Photo diary records air pollution and belies China’s official count of “Blue Sky Days”
December 21, 2010Jing Gao7 CommentsAir pollution, Air quality, art, Beijing, Blue sky, Environmental Issues, Environmental protection, Environmental Protection Agency, Lu Weiwei, performance art, photo diary, photography
365 Days of “Blue Sky Diary” by Two Beijingers
Two people, a foolproof film camera, a heart that embraces a blue sky, and above all, perseverance that carries them on for 365 days. What can these do? Let’s count how many purely “blue sky days” Beijing has in a year.
Photographers Lu Weiwei and Fan Tao wrote in the preface of the photo diary:
“We were both born and brought up in Beijing. We love our city. Faced with problems such as air pollution, we want to do more than simply complain every day. We want to take proactive steps.
For those who live in Beijing, ‘Blue Sky Index’ is very familiar. This is an indicator that the authorities use to give a quick summary of air quality. In 1998, Beijing records 100 “blue-sky day;” in 2009, it is said there are 285! Though the measuring methods and standards are somewhat controversial, but to find out how many on earth there are, we decided to make a count ourselves.
Therefore, from June 1, 2009 to May 31, 2010, we took a picture of the sky over Beijing each day. In the picture, there is invariably a road sign. When the sky is blue, we will also invite a passerby to appear in the picture wearing a pair of funny glasses.
We use an outdated foolproof film camera, because shooting photos for an environmental protection cause shouldn’t require expensive equipment. Moreover, the film has a factual nature. Digital photos can be retouched and manipulated.
From our photo diary, we finally count 180 days on which the sky looks genuinely blue, which accounts for 49% of a year.Even though dates of our photos didn’t fall in a calendar year, it is still too far away from 78%, the figure that the authorities announced.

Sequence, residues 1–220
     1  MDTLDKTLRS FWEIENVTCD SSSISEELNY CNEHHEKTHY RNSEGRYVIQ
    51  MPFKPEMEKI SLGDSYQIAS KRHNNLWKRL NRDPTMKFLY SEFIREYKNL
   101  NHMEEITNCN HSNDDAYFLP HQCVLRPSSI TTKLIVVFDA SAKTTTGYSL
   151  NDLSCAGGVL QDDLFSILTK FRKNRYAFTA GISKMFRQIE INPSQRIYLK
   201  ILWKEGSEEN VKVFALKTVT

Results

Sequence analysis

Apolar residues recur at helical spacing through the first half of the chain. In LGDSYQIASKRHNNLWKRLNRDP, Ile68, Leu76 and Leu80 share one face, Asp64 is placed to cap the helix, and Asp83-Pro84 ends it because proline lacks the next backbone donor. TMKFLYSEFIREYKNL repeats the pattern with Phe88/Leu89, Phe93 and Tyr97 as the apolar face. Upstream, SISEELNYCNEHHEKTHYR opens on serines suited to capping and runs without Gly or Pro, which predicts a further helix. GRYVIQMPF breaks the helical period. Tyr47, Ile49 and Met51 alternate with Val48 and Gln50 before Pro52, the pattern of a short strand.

From the 365 photos that Lu Weiwei and Fan Tao took, we unmistakenly see grays and blues within a year, with a clear dividing line. Blue is bright; faces smile like a blooming flower. Grey is gloomy; emptiness and oblivion fills the air.
Lu Weiwei and Fan Tao said emphatically that they didn’t think of challenging anyone with the factual figure.
They simply wanted to keep a diary of a year for the sky over Beijing using their camera.
According to Lu and Fan, white-collar workers between the age of 20 and 40 are mostly inclined to turn down the photo request. Lu Weiwei felt a bit sorry for that, “This demographic is the group of people who can have the biggest influence on the society and environment. Maybe stress of surviving in this city and setbacks have given rise to people’s vigilance and nonchalance.”
The photo diary has drawn much attention after being posted on the Web. Experts at China’s EPA responded that
The Blue Sky program measures inhalable particulates, sulfur dioxide, nitrogen dioxide and airborne particulate matter. Pollutants are measured on a scale of 1 to 500, with 500 considered the worst score. Any rating below 101 meets national air quality standards and is considered a “Blue Sky day.” That is to say, even if the sky doesn’t look blue, or it is raining, as long as it meets the standard, it is a blue sky.
Selected comments from QQ.com
The government only knows how to brag.
I have been in Beijing for two years. When it comes to the environment, it is terrible. Blue sky can be seen only in the autumn or on windy days, so I rarely use my solar-power heater. Every day there is traffic congestion on my way to work. Beijing is the least livable place for human. I don’t like that you can’t enjoy the basic clean air in Beijing. Beijing’s Tongzhou has a Langshui River. It stinks and the smell can spread to miles away. Color of the water is even black. Too many people, too many cars, too much carbon dioxide. Farewell, Beijing. I never want to see you again.
On seeing a blue sky, I felt great and bright. But now blue sky is sort of a luxury to us. The only place where we can truly appreciate Mother Nature’s pure and blue sky is remote and undisturbed villages!
I always divide the official figure by two, or by ten, sometimes even by a hundred.
I support you guys. You have my back. You have, in the best way, explained to us that the actual air quality and air pollution is worth everyone’s attention, and actions, starting from every little thing, should be taken by every one.
I have been living in Beijing for eight years. Each day, under the gray sky, I felt like weeping, but had no tears.
I am touched by this. What kind of spirit this is! We young people should learn from this. Cheer up!
I hope that my nose is no longer filled with dust after I am back from morning jogging. I hope that the sky is no longer gray when it is noon.
They have given us back a blue sky that we’ve almost forgot. An admirable deed!
Beijing has indeed seen more blue sky days in the past two months. I mentioned this to my colleague just yesterday…